Before 1896, Sauveterre-de-Guyenne was better known as Sauveterre-de Bazadais. This Bastide was built in a small village called "Athala" and was first named Salva-Terra (Salvation of the land), which later became Saubeterre and then Sauveterre.
Sauveterre-de-Guyenne was founded as an English Bastide in 1281 by King Edward I of England, in the name of ending rivalries among the lords. He signed the "Charte des Coutumes de la Cité" in 1283, which protected the inhabitants and set the rules of life in the village community.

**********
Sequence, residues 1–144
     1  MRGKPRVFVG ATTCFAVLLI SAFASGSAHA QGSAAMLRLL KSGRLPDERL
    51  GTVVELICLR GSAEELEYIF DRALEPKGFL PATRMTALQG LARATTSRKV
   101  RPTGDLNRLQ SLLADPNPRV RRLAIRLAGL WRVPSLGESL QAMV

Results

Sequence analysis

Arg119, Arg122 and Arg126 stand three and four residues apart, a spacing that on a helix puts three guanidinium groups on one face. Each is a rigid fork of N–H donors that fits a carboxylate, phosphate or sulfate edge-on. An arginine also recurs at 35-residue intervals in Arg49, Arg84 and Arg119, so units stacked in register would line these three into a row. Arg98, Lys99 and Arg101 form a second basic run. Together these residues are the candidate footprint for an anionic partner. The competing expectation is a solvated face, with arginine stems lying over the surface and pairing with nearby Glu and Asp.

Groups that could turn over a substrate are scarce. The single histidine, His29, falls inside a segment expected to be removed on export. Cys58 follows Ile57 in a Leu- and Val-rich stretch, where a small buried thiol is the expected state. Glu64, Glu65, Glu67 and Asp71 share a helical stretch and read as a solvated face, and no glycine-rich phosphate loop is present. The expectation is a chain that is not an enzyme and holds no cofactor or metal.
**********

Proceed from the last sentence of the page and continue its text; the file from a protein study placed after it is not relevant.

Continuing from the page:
Sauveterre-de-Guyenne is a very well maintained Bastide, having the typical Bastide 'grid' layout. The entry points into the city were through four stone tower gates. The central market square is surrounded by stone houses and the typical arcades on the ground floor, full of shops. The Church of Notre Dame is located at the top of the square.